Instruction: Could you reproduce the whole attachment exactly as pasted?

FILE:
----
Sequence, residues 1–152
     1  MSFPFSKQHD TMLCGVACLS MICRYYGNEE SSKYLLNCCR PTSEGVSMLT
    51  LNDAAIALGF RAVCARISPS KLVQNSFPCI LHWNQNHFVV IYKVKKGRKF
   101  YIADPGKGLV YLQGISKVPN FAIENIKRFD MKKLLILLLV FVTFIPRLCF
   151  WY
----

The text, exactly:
Sequence, residues 1–152
     1  MSFPFSKQHD TMLCGVACLS MICRYYGNEE SSKYLLNCCR PTSEGVSMLT
    51  LNDAAIALGF RAVCARISPS KLVQNSFPCI LHWNQNHFVV IYKVKKGRKF
   101  YIADPGKGLV YLQGISKVPN FAIENIKRFD MKKLLILLLV FVTFIPRLCF
   151  WY